The North American Species of Pholiota

186. Pholiota lubrica var. lubrica (Fr.) Singer. Agar. In Mod. Tax. p. 516. 1951.

Agaricus lubricus Fries, Syst. Myc. 1: 252. 1821.
Dryophila lubrica (Fr.) Quélet, Enchir. Fung. p. 70. 1886.

Illustrations: Text figs. 418-420; pl. 84.

Pileus 4-8 cm broad (estimated), glabrous, very viscid, when young almost ivory-colored (pale yellowish) and with an almost blackish-red central spot, when older pale brown ochre with the spot more extended and dark reddish brown.

Lamellae almost white at first, finally colored as in P. lenta close, medium broad.

Stipe 5-8 cm long, 4-6 mm thick (estimated). Pallid in young specimens and faintly white floccose, as dried evenly melleous overall (about like the dried gills in color).

Spores 6-7.5 x 3.5-4.2 µ, smooth, apical pore barely visible under a 1.4 NA oil im. lens; shape in face view elliptic to oblong, in profile more or less oblong; color in KOH ochraceous to pale tawny, in Melzer's reagent about the same; wall about 0.25 µ thick.

Basidia 4-spored, 20-24 x 5-6.5 µ, narrowly clavate, hyaline in KOH and merely yellowish in Melzer's reagent. Pleurocystidia abundant 35-64 x 13-18(20) µ, fusoid-ventricose with obtuse apex to utriform, neck tapered from ventricose part to apex and 6-8 µ diam. near apex, smooth, thin-walled, wall hyaline to slightly yellowish; content homogeneous or with a plug of yellowish colloidal material (in KOH) in apical part, refractive particles present in this material in some, or present in cells not showing the colloidal material. Cheilocystidia 30-45 x 12-20 µ broadly subutriform to clavate, thin-walled, smooth, walls yellowish to hyaline, content yellowish to hyaline and homogeneous. Caulocystidia none found.

Gill trama a central strand of floccose thin-walled, yellowish parallel to somewhat interwoven hyphae 4-10 µ diam. or cells finally more inflated; subhymenium a thick layer of narrow gelatinous hyaline hyphae. Pileus with a thick gelatinous pellicle of narrow (2-5 µ) hyaline to yellowish smooth to incrusted hyphae grading into a hypodermial region of heavily incrusted brown hyphae 4-12 µ diam. Context of yellowish smooth hyphae, thin-walled (0.25-0.3 µ estimated), interwoven, and with cells inflated to 15 µ. All hyphae inamyloid and hyphae at apex of stipe yellowish to hyaline in KOH. Clamp connections present.

Habit, Habitat, and Distribution: Among mosses and Calamagrostis arundinacea on bouldery slope under beech and birch. Sweden (Lundell 5683).

Observations: That the problem of the identity of P. lubrica is an acute one is an understatement. Konrad (1936) gave the spore size as 8-9.5 x 4.5-5.5 µ. For this reason our data are all taken from a Lundell (no. 5683) specimen collected in Sweden. A Moser specimen studied by Hesler had thick walled cystidia and Moser (1953) gives the spores as 5-6 x 3-4 µ, a broader spore in relation to its length than we have found in any of this group. Fries' illustration Icones pl. 116 of Agaricus (Flammula) lubricus shows an ochraceous marginal area to the pileus and a brown disc. The stipe is white, staining brown at the base. In Systema, however, Fries described the pileus as "cinnamomeus." This is in line with (copied from) Persoon's description and hence is accepted as authentic for the color.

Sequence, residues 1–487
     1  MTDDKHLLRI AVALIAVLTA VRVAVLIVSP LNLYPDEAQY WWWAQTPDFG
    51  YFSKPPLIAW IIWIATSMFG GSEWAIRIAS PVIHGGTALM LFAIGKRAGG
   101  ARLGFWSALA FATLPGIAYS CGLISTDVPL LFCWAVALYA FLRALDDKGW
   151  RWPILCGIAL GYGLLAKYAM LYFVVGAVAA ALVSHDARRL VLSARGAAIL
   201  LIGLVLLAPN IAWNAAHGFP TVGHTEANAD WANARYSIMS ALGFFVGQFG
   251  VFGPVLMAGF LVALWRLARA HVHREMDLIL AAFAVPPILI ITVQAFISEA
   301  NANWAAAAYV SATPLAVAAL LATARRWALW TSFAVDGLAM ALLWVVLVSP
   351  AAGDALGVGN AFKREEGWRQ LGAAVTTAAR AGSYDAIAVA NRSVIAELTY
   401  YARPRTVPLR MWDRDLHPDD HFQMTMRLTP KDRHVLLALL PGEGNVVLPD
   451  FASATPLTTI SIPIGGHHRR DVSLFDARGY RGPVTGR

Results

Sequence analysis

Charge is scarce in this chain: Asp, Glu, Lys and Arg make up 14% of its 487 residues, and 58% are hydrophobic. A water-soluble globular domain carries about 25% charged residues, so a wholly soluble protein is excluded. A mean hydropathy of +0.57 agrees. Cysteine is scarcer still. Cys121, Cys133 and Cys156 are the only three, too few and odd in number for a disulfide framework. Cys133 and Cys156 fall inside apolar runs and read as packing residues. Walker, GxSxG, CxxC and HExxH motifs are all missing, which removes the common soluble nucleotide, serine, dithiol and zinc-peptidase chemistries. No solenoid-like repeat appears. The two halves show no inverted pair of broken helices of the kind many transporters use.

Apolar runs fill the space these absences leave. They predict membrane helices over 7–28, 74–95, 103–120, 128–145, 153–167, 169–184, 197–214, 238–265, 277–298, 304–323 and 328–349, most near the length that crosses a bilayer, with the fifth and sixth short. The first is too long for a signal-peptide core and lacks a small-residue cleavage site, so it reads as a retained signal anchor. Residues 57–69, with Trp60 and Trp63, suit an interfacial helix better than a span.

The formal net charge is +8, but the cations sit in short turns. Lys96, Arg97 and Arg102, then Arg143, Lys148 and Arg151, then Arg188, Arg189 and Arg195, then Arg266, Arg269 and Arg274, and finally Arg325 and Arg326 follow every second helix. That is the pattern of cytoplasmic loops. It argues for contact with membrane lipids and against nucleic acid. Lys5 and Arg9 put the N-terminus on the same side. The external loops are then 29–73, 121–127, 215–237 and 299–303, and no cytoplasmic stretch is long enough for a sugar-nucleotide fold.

The following is a description of collections Smith 73892, 73678, 74181, and 74071 all from Upper Priest Lake in Idaho:

Pileus 4-8.5 cm broad, broadly convex with an incurved margin, expanding to plane or shallowly depressed, surface with patches of the pallid fibrillose veil over marginal area on the slime covering the surface, slime often dripping from edge of pileus; color reddish tawny over disc and pallid over margin mature, when very young the margin ivory yellow; veil pallid, leaving a fringe on margin at first. Context whitish with watery brownish line next to gills; taste mild, odor none, with FeSO4 green.

Lamellae whitish becoming dull cinnamon, broad, bluntly adnate, crowded, edges even.

Stipe 6-8 cm long, 9-11 mm thick, equal, pallid, soon rusty red to bay below, whitish above, fibrillose scurfy from remains of the veil, apex silky and yellowish pallid.

Spore deposit cinnamon brown. Spores 6-7 x 3.5 µ; pleurocystidia 50-65 x 9-16 µ, thin-walled mostly (especially when fresh or revived in Melzer's reagent), in KOH wall swelling to ± 0.5 µ in a fair number.

The critical features of these basidiocarps are: 1) relatively large size, 2) reddish tawny colors (which are within the "cinnamomeus" range, copious slime over the pileus on which at first are perched whitish (pallid) squamules of veil remnants, 3) whitish context, 4) whitish lamellae; and white veil and stipe with the latter staining brown to rusty brown from the base upward. The spores (6-7 x 3.5 µ) are the same as for the Lundell specimen and as given by Kühner & Romagnesi. This comes about as close to the type concept as one can expect in this group.

The problem in North America is greatly complicated by rather similar populations to the above, but differing to such an extent that one dealing mainly with morphological characters must give recognition to them if his classification is to be "honest." We have the following which are very close to P. lubrica: Pholiota coloradensis with subcylindric to utriform pleurocystidia, P. sublubrica with brownish patches of veil on pileus margin, and the stipe elongating as in Cortinarius subg. Bulbopodium, P. armeniaca with exceptionally pale colored spores in KOH and in Melzer's sol., but with colors about like Fries' illustration in the Icones, and P. avellaneifolia with a heavy pale but distinctly yellow veil and grayish brown gills when young. All of these are on conifer debris. P. verna has cystidia with thickened walls and occurs on debris of cottonwood.